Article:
This post presents an update of the economic forecasts generated by the Federal Reserve Bank of New York’s dynamic stochastic general equilibrium (DSGE) model. We describe very briefly our forecast and its change since September 2022.
As usual, we wish to remind our readers that the DSGE model forecast is not an official New York Fed forecast, but only an input to the Research staff’s overall forecasting process. For more information about the model and variables discussed here, see our DSGE model Q&A.
The New York Fed model forecasts use data released through 2022:Q3, augmented for 2022:Q4 with the median forecasts for real GDP growth and core PCE inflation from the November release of the Philadelphia Fed Survey of Professional Forecasters (SPF), as well as the yields on 10-year Treasury securities and Baa-rated corporate bonds based on 2022:Q4 averages up to November 16. Moreover, starting in 2021:Q4, the expected federal funds rate between one and six quarters into the future is restricted to equal the corresponding median point forecast from the latest available Survey of Primary Dealers (SPD) in the corresponding quarter. For the current projection, this is the November SPD.
Compared to September, the outlook is again more pessimistic in terms of inflation but not very different in terms of real activity, except for 2022. Once again, the model has upgraded its assessment of the underlying state of the real economy compared to September, as evidenced by significantly higher projections for the real natural rate of interest (2.6 percent versus 1.4 percent for 2022, 2.0 percent versus 1.2 percent for 2023, and 1.6 percent versus 1.0 percent for 2024). And again, policy is expected to be substantially tighter than in September, especially in 2023, offsetting the model’s changed assessment of underlying economic strength.
Output growth is projected to be higher for 2022 (0.2 percent versus -0.7 percent), largely as a result of the fact that Q3 growth was higher than nowcasted by the SPF, but only slightly different from the previous projections thereafter (-0.3 percent versus -0.4 percent in 2023, -0.0 percent versus 0.1 percent in 2024, and 0.4 percent versus 0.7 percent in 2025). The model still sees a recession over the next few quarters as likely. However, compared to June and September, the risk of a not-so-soft landing has diminished considerably. The probability of four-quarter GDP growth dipping below -1 percent, as occurred during the 1990 recession, before the end of 2023 has fallen from 70 percent in September to 50 percent.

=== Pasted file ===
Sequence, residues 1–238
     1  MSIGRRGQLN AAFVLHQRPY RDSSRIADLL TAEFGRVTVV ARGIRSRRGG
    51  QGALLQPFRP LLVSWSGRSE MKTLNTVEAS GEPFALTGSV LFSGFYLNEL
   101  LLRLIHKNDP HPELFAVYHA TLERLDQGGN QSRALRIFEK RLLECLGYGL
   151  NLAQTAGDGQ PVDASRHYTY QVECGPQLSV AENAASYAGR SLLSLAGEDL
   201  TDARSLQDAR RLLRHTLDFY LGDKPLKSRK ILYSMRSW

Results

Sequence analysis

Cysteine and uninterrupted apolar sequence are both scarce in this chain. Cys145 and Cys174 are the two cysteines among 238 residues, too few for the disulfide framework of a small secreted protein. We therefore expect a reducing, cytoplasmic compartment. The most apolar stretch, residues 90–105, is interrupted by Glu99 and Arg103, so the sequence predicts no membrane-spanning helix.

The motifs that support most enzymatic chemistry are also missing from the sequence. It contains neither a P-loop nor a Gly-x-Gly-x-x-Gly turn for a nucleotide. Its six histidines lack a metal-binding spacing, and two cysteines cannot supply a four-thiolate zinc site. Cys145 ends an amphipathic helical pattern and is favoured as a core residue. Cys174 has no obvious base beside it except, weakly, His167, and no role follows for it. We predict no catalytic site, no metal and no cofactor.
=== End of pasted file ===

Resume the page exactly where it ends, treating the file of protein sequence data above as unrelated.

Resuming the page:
In line with the upgraded assessment of the underlying strength of the economy, the model views higher inflation as less due to transitory factors such as supply disruptions and more to persistent factors. The model projects inflation to be 4.8 percent in 2022, up 0.7 percentage point relative to September, and to decline only gradually thereafter (to 3.4, 2.8, and 2.6 percent in 2023, 2024, and 2025, respectively, versus 3.1, 2.6, and 2.4 in September). Because of the flat Phillips curve, tighter policy has a limited effect on the projected course of inflation.
|Core PCE inflation|
|Real natural rate of interest|
Notes: This table lists the forecasts of output growth, core PCE inflation, and the real natural rate of interest from the December 2022 and September 2022 forecasts. The numbers outside parentheses are the mean forecasts, and the numbers in parentheses are the 68 percent bands.
Forecasts of Output Growth
Forecasts of Inflation
Real Natural Rate of Interest
Marco Del Negro is an economic research advisor in Macroeconomic and Monetary Studies in the Federal Reserve Bank of New York’s Research and Statistics Group.
Aidan Gleich is a research analyst in the Federal Reserve Bank of New York’s Research and Statistics Group.
Donggyu Lee is a research economist in Macroeconomic and Monetary Studies in the Federal Reserve Bank of New York’s Research and Statistics Group.
Ramya Nallamotu is a research analyst in the Federal Reserve Bank of New York’s Research and Statistics Group.
Sikata Sengupta is a research analyst in the Federal Reserve Bank of New York’s Research and Statistics Group.
How to cite this post:
Marco Del Negro, Aidan Gleich, Donggyu Lee, Ramya Nallamotu, and Sikata Sengupta, “The New York Fed DSGE Model Forecast—December 2022,” Federal Reserve Bank of New York Liberty Street Economics, December 16, 2022, https://libertystreeteconomics.newyorkfed.org/2022/12/the-new-york-fed-dsge-model-forecast-december-2022/.
The views expressed in this post are those of the author(s) and do not necessarily reflect the position of the Federal Reserve Bank of New York or the Federal Reserve System. Any errors or omissions are the responsibility of the author(s).